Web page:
TiCl3 and most of its complexes are handled under an inert atmosphere to prevent reactions with oxygen. Slow deterioration occurs in air-exposed titanium trichloride, often results in erratic results, e.g. in reductive coupling reactions[5].

Applications in Ziegler-Natta catalyst

TiCl3 is a useful Ziegler-Natta catalyst, although the catalytic activities vary with the method of preparation.[6]

Other reactions of Ti(III) chloride

TiCl3 forms a variety of coordination complexes, most of which are octahedral. The light-blue crystalline adduct TiCl3(THF)3 forms when TiCl3 is refluxed with tetrahydrofuran.[7]

TiCl3 + 3C4H8O → TiCl3(OC4H8)3

A dark green charge-neutral complex arises from complexation with dimethylamine:

TiCl3 + 3Me2NH → TiCl3(NHMe2)3 + CH3Cl

TiCl3 reacts with acetylacetone to form a tris acetylacetonate complex.

TiCl3 + 3NH4(acac) → Ti(acac)3 + 3NH4Cl

The product is used as cross-linking agent for cellulose films used in polyethylene catalysts. Ti(acac)3 air-oxidizes to give orange TiO(acac)2, which is ineffective in cross-linking.[8]

Above 200 °C, TiCl3 undergoes ammonolysis.6

The ternary halides, such as A3TiCl6, have structures that depend on the cation (A) added.[9]


  1. ^ Starr, C.; Bitter, F.; Kaufman, A.R.Lippard, S. "Halides & Halide Complexes" in (1968) Progress in Inorganic Chemistry, Cotton (Ed.) Volume 9, (John Wiley & Sons, Inc.) pp. 6
  2. ^ Holm, R. H. "Stabilized Low Oxidation States" in (1971) Progress in Inorganic Chemistry, Lippard, S. J. (Ed.) Volume 14, (John Wiley & Sons, Inc.) pp. 17
  3. ^ Jongen, L. and Meyer, G. (2004). "Caesium heptaiododititanate(III), CsTi2I7". Zeitschrift für Anorganische und Allgemeine Chemie 630: 211-212. DOI
  4. ^ Kisova, L.; Sotkova, S.; Konemdova, I. (1994). "Electrode Kinetics of the Ti(IV)/Ti(III) System in Water and in Water Dimethylformamide and Water Dimethyl Sulfoxide Mixed Solvents". Collection of Czechoslovak Chemical Communications 59: 1279-1286. DOI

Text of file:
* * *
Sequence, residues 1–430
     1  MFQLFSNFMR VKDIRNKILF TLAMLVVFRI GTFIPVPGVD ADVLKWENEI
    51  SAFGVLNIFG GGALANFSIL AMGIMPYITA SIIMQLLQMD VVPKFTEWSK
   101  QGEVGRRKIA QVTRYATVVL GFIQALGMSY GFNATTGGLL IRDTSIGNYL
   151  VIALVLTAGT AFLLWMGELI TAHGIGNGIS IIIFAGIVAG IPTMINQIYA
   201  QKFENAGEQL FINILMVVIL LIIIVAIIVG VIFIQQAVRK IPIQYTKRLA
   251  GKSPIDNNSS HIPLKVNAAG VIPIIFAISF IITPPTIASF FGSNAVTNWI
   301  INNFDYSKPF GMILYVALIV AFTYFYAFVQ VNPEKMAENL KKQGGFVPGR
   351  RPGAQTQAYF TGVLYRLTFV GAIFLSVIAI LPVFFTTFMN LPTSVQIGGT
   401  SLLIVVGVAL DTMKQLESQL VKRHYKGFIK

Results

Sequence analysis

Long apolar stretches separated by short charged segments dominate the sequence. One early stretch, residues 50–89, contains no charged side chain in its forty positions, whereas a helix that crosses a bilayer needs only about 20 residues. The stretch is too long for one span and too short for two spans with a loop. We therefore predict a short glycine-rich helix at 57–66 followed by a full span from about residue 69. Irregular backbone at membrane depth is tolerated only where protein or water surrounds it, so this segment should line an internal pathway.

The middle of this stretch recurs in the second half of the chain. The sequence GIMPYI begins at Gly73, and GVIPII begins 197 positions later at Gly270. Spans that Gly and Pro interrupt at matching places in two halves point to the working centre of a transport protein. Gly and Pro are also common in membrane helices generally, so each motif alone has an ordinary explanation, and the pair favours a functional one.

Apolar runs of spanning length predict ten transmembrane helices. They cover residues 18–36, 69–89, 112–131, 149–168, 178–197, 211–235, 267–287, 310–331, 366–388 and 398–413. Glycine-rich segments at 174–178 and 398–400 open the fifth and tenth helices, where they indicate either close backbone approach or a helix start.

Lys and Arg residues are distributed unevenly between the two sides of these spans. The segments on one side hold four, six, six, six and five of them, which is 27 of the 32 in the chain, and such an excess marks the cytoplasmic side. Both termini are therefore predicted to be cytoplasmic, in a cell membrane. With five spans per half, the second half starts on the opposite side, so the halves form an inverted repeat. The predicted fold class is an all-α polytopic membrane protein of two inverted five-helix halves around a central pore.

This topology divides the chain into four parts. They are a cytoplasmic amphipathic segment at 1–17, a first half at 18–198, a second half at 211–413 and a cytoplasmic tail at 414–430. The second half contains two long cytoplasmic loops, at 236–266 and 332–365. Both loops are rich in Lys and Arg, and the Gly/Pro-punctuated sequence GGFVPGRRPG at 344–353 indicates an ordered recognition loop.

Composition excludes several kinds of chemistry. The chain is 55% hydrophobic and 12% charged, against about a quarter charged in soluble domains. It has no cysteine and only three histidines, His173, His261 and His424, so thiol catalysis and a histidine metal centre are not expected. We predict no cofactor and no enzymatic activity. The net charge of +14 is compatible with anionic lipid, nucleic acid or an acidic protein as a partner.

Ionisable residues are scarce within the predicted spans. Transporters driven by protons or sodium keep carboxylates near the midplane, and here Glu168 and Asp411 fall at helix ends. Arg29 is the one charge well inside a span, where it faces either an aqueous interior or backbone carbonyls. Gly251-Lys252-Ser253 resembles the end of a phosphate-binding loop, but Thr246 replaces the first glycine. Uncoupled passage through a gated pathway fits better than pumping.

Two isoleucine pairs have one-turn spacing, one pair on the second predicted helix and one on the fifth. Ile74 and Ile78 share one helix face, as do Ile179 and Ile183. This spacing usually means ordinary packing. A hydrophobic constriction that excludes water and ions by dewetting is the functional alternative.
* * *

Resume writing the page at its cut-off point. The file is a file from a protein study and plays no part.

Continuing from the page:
5. ^ Fleming, M. P; McMurry, J. E. (1981). "Reductive Coupling of Carbonys to Alkenes: Adamantylideneadamantane". Organic Syntheses 60: 113. PDF
  6. ^ Ueno, H.; Imanishi, K.; Ueki, S.; Kohara, T. (2000). "Kinetics Study of Propene Polymerization with Porous Titanium Trichloride". Chemical Society of Japan 7: 495. Abstract
  7. ^ Jones, N. A.; Liddle, S. T.; Wilson, C.; Arnold, P. L. (2007). "Titanium(III) Alkoxy-N-heterocyclic Carbenes and a Safe, Low-Cost Route to TiCl3(THF)3". Organometallics, 26: 755 - 757. DOI: 10.1021/om060486d..
  8. ^ Manzer, L. E., "Tetrahydrofuran Complexes of Selected Early Transition Metals", in (1982) Inorganic Syntheses, Flacker, J. P. (Ed.) Volume 21, pp. 137
  9. ^ Cor, M.; Lewis, J.; Nyholm, R. S., S. "Titanium" in (1966) Progress in Inorganic Chemistry, Lippard, S. J. (Ed.) Volume 7, (John Wiley & Sons, Inc.) pp. 391
  10. ^ Fowles, G. W. A. "Reacting Halides with Liquid Ammonia" in (1965) Progress in Inorganic Chemistry, Lippard, S. J. (Ed.) Volume 6, (John Wiley & Sons, Inc.) pp. 2
  11. ^ Hinz, D.; Gloger, T. and Meyer, G. (2000). "Ternary halides of the type A3MX6. Part 9. Crystal structures of Na3TiCl6 and K3TiCl6". Zeitschrift für Anorganische und Allgemeine Chemie 626: 822-824. Abstract


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  • Sigma-Aldrich
This article is licensed under the GNU Free Documentation License. It uses material from the Wikipedia article "Titanium(III)_chloride". A list of authors is available in Wikipedia.